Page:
pH changes thru the course of the day are to be expected if you're injecting CO2 and even if you're not, what with plant uptake and off-gassing due to water circulation. Or am i missing some other concern/issue you're having?

Here's the pH of my tank for the last 7 days (KH=1.35, GH=5)
View attachment 1027797
The water never makes it to the tank. This happens in my buckets of water I'm treating before water changes. I gas them off with a stone for 24hrs before I add anything. Then add what I posted earlier equilibrium first and the acid last. I then test everything and its uassly right were I want it. I then leave the air stone in the buckets for another 24 hours. Take test again, and this is the point were the ph has climbed. I add 1/4 tsp acid and repeat the process, and the ph again climbs. I haven't used the water because I haven't got it stabilized were I want it. Should I just keep adding acid?
 

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Got it...I assume you're using the air stone to churn up the water in the bucket and help with the the dissolution of equilibrium and the alkaline buffer, yes? While helping to dissolve the buffers it's dispelling/off-gassing the CO2 present in the water resulting in a rise in pH. To understand how that is so here's a CO2 chart that can better explain the relationship between pH, KH, and CO2

CO2 chart

At KH = 3 (your targeted value) you'll find the pH rise from 7.3 to 7.9 coincides with a fall in CO2 from 4.5ppm to 1.1ppm - the airstone drives off CO2, the CO2 falls, and the pH rises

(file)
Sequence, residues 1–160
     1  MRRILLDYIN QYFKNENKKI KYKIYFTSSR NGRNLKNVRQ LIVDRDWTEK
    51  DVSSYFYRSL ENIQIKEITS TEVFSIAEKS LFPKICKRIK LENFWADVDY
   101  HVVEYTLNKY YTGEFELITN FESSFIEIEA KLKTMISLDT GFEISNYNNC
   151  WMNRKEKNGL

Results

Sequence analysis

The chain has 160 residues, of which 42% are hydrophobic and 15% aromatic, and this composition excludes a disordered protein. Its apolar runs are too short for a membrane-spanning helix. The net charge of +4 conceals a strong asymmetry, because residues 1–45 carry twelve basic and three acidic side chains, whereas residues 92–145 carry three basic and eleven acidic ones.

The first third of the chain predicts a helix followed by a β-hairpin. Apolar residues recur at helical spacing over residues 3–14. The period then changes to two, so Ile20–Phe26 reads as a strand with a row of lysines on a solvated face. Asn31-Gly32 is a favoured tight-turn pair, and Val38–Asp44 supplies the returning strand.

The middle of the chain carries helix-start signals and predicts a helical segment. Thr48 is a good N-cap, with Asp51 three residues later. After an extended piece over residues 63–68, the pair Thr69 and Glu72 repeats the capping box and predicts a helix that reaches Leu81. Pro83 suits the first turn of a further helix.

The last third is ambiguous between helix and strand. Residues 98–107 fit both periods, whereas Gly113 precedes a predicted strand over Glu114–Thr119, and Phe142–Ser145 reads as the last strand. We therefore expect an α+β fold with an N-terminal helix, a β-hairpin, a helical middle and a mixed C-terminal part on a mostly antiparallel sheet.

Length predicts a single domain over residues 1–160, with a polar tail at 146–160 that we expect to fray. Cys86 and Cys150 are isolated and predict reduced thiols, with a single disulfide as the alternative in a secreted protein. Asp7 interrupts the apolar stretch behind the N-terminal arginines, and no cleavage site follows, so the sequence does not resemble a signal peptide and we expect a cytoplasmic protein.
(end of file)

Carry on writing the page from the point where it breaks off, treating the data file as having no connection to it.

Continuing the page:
To help with dissolution you might consider a circulation pump in lieu of the airstone

As to adding acid (ph down) - if the KH of your source water was higher than your targeted KH then that would be a reason to use it; however, if you're using alkaline buffer to raise KH then adding acid is counter-intuitive. And your KH should be stable - once you reach your target leave it alone
 

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Discussion Starter · #14 ·
Got it...I assume you're using the air stone to churn up the water in the bucket and help with the the dissolution of equilibrium and the alkaline buffer, yes? While helping to dissolve the buffers it's dispelling/off-gassing the CO2 present in the water resulting in a rise in pH. To understand how that is so here's a CO2 chart that can better explain the relationship between pH, KH, and CO2

CO2 chart

At KH = 3 (your targeted value) you'll find the pH rise from 7.3 to 7.9 coincides with a fall in CO2 from 4.5ppm to 1.1ppm - the airstone drives off CO2, the CO2 falls, and the pH rises

To help with dissolution you might consider a circulation pump in lieu of the airstone

As to adding acid (ph down) - if the KH of your source water was higher than your targeted KH then that would be a reason to use it; however, if you're using alkaline buffer to raise KH then adding acid is counter-intuitive. And your KH should be stable - once you reach your target leave it alone
Ok. Thx. You are correct, I use the air stone to mix and off gas. I thought if I ran the stone 24hrs before adding the chemicals it would be gassed off already allowing me to get a stable ph reading. I guess I was wrong in this thinking? So you say the initial first bucket and test that was correct is were I should stay with and not gas it off anymore or add anymore acid afterwards? If I understand you correctly the ph will swing up and down between 7.3 and 7.9 depending on the amount of co2 present in the water at a kh of 3?